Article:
The Charleston City Hall is an impressive structure of symmetrically placed ornament and broad wall spaces. Designed by Charleston architect H. Rus Warne, the seemingly rectangular edifice is actually shaped like a “U” when viewed from the rear of the building.
Like most buildings in Charleston that was built in the 20’s, Warne designed the structure to reflect classic styles based on Renaissance and Beaux Arts traditions. The building is fronted by a grand flight of graninte steps, leading up to three massive arched doorways. Tall, evenly spaced wood windows line the sides of the building, accentuated by highly orante details. One building’s important architectural features, the windows has the strongest design elements, with pediments that alternate along the facade in a triangular and segmental geometry.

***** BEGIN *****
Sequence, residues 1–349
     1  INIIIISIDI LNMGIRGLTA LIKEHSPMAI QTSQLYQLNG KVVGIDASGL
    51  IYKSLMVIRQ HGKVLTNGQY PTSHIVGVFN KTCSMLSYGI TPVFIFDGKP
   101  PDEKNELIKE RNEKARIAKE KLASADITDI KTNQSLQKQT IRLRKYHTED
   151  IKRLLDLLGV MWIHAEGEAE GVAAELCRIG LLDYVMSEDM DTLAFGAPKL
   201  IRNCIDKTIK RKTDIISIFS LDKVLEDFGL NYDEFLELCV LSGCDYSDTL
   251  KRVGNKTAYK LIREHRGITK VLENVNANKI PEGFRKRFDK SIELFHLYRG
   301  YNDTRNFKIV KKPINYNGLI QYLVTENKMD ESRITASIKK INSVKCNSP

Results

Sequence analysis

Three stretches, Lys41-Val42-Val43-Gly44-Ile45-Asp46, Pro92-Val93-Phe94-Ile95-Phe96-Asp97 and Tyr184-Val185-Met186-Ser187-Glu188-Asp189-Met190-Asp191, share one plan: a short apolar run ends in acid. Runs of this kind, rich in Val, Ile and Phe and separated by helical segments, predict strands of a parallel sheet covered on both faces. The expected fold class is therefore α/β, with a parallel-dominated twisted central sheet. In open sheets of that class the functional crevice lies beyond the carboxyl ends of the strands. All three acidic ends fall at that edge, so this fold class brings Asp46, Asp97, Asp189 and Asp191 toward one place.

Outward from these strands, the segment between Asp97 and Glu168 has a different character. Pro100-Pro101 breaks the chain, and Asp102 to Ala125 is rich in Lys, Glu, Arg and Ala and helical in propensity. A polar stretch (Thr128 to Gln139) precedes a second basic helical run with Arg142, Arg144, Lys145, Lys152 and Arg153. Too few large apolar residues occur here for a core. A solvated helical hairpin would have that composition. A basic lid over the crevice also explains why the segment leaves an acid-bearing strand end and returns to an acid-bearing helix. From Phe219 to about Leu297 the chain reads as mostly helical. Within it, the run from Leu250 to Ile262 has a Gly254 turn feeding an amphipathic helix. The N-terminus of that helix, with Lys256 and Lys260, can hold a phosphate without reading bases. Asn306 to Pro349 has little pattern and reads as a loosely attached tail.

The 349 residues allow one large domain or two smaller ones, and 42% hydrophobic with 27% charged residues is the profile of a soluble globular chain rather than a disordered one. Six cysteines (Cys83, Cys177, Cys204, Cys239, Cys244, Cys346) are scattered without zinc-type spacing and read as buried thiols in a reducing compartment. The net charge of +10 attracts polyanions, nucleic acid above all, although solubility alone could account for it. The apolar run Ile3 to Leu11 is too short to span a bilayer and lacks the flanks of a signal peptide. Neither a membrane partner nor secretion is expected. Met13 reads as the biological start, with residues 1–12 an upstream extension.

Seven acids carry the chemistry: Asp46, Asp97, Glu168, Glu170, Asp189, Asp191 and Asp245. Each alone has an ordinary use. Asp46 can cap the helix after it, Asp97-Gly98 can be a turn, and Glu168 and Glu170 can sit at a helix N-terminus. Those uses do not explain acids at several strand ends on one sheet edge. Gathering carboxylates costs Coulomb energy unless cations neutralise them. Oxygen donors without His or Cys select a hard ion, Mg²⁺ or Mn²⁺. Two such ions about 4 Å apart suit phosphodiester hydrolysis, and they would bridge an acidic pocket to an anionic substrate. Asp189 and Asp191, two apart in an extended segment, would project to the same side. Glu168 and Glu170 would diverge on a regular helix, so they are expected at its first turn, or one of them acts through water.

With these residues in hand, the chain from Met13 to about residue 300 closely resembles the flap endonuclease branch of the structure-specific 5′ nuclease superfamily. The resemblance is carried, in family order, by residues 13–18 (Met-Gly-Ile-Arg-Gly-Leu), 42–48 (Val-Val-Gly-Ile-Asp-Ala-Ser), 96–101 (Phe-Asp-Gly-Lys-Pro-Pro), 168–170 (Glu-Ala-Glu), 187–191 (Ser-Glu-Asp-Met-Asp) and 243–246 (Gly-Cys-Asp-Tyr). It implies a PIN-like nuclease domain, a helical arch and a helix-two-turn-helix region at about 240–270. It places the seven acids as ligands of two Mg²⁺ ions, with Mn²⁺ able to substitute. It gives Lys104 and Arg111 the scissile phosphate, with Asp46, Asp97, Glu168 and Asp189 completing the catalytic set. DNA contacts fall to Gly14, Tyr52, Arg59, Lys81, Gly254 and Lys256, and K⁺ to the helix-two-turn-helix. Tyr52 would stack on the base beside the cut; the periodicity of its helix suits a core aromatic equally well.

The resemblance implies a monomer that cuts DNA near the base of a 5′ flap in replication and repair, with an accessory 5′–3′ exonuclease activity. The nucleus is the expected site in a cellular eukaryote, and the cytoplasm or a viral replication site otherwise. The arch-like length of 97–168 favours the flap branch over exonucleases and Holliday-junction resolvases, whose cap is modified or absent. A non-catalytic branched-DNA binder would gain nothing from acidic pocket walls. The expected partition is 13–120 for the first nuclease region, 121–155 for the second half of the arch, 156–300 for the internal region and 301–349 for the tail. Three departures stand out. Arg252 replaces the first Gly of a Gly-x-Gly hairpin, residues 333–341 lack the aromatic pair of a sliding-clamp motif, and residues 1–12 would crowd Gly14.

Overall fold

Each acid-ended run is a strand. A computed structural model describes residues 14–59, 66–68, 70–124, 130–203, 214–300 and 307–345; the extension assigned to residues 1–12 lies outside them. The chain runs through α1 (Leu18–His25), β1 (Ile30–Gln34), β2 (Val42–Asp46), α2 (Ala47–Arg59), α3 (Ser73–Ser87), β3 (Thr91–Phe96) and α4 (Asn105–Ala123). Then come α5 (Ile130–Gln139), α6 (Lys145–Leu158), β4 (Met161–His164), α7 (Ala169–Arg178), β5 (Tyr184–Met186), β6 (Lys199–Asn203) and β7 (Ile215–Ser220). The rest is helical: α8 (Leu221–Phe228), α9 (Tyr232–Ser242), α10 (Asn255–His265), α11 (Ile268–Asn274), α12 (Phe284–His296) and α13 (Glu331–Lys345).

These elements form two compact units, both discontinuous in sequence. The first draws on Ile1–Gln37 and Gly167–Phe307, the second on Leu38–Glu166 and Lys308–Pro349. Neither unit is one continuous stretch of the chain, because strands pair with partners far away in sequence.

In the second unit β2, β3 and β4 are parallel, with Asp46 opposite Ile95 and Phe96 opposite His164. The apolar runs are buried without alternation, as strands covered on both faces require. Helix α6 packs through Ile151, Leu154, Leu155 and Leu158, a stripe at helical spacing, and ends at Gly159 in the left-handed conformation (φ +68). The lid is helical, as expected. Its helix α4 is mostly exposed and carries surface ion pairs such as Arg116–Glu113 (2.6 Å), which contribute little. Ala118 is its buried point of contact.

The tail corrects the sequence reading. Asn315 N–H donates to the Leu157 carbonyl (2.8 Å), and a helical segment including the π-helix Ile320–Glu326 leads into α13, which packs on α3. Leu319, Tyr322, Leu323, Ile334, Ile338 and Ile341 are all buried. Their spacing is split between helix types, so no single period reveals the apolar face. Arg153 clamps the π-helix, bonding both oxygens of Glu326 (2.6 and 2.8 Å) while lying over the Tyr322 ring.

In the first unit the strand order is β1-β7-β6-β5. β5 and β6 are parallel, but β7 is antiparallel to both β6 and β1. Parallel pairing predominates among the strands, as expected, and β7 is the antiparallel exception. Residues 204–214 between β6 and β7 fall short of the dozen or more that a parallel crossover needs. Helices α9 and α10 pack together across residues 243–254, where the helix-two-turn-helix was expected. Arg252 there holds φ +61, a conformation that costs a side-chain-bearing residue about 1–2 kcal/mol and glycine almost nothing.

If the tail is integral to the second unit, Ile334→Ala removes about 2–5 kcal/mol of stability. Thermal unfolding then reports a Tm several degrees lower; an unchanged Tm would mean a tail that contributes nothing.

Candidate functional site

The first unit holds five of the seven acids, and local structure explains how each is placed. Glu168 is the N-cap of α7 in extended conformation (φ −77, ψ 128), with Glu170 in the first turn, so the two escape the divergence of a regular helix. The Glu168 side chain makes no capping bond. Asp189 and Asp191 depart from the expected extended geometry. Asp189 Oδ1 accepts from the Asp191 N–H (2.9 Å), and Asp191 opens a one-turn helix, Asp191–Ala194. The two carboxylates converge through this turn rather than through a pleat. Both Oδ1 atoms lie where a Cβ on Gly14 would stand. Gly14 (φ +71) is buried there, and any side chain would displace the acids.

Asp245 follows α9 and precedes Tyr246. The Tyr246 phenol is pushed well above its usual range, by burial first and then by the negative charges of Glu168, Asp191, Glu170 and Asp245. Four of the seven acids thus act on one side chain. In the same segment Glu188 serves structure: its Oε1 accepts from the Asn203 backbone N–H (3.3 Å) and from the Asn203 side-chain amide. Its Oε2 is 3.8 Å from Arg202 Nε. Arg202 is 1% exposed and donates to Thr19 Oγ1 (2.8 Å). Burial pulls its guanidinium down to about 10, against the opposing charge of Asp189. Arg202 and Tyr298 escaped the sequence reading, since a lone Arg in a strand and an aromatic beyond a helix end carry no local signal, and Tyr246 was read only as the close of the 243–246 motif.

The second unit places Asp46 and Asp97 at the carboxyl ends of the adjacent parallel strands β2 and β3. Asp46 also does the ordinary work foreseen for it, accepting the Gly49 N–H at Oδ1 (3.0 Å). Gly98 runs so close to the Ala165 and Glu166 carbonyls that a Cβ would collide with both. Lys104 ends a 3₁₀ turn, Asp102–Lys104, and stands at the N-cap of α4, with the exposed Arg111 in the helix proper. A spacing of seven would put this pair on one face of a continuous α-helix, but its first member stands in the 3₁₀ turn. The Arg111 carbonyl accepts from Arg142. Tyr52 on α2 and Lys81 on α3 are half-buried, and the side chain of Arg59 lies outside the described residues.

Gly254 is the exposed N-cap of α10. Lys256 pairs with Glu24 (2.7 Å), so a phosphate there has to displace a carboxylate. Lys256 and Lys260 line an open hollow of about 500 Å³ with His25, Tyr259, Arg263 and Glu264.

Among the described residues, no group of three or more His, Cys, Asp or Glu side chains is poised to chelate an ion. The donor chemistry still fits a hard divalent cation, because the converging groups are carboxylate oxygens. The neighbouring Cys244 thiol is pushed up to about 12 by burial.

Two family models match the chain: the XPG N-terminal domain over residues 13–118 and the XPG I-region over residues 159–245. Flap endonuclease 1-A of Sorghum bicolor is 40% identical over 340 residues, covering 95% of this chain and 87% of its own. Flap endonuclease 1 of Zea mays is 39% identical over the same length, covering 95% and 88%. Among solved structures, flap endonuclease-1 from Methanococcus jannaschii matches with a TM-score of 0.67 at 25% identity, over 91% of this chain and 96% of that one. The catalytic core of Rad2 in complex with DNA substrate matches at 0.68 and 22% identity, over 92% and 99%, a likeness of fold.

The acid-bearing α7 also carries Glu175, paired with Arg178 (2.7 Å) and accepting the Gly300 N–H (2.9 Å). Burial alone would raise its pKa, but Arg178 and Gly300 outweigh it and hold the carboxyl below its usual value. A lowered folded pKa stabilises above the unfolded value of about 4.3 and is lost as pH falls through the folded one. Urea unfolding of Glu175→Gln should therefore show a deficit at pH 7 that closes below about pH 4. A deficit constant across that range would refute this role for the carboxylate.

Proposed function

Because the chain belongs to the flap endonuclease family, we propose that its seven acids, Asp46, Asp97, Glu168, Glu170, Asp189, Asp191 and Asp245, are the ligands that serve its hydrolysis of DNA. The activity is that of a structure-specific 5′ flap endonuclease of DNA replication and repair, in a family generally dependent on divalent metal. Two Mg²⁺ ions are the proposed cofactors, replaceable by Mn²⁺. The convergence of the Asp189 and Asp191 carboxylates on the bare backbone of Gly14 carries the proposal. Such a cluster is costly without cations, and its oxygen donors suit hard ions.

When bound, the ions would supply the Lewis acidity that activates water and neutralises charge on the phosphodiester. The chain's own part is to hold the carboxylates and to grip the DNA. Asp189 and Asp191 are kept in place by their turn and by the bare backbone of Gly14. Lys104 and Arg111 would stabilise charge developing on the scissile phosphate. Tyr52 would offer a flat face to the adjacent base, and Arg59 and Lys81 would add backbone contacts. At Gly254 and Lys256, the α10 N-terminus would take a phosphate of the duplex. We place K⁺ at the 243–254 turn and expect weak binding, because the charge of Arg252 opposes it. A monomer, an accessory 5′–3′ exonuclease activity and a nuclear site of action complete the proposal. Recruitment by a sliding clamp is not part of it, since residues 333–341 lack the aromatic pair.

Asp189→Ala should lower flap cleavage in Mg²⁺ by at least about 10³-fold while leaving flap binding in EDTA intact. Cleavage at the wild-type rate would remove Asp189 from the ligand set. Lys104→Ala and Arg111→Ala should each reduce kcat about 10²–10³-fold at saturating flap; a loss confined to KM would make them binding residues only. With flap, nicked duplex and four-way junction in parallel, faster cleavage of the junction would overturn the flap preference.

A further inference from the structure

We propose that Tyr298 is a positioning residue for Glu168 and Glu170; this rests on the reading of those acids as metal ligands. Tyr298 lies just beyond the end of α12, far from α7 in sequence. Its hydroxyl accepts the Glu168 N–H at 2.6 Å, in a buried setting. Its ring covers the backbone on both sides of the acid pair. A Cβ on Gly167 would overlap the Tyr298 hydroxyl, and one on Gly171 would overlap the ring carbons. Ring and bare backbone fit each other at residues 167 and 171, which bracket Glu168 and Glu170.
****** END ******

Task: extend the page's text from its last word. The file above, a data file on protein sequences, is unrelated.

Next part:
Inside the building, guests are welcomed by a grand high ceilinged lobby after passing through its wood and glass revolving door. Secondary doors are present, made of bronze with high plate and beveled glass panels. Monolithic Roman Doric columns made of fine grained marble divides the outer and inner lobby. A grand 7-flight stairway connects the four floors of the building, with an ornate cast metal rail that runs all the way to the top.
The Charleston City Hall was formally opened on August 31, 1922, in an lavish evening gala attended by one-third of Charleston’s population. They were welcomed by Mayor Hall, Architect Warne, contractor A. G. Higginbotham and project manager, Bonner H. Hill. After a tour of the building, it was described in the Charleston Gazette “…as integral parts, stone and steel, polished wood, dull bronze, beaten brass, costly rugs, glistening furniture, flowers, handsomely gowned women and all that is beautiful.”
Charleston City Hall
501 Virginia Street, E.,
Charleston, WV 25301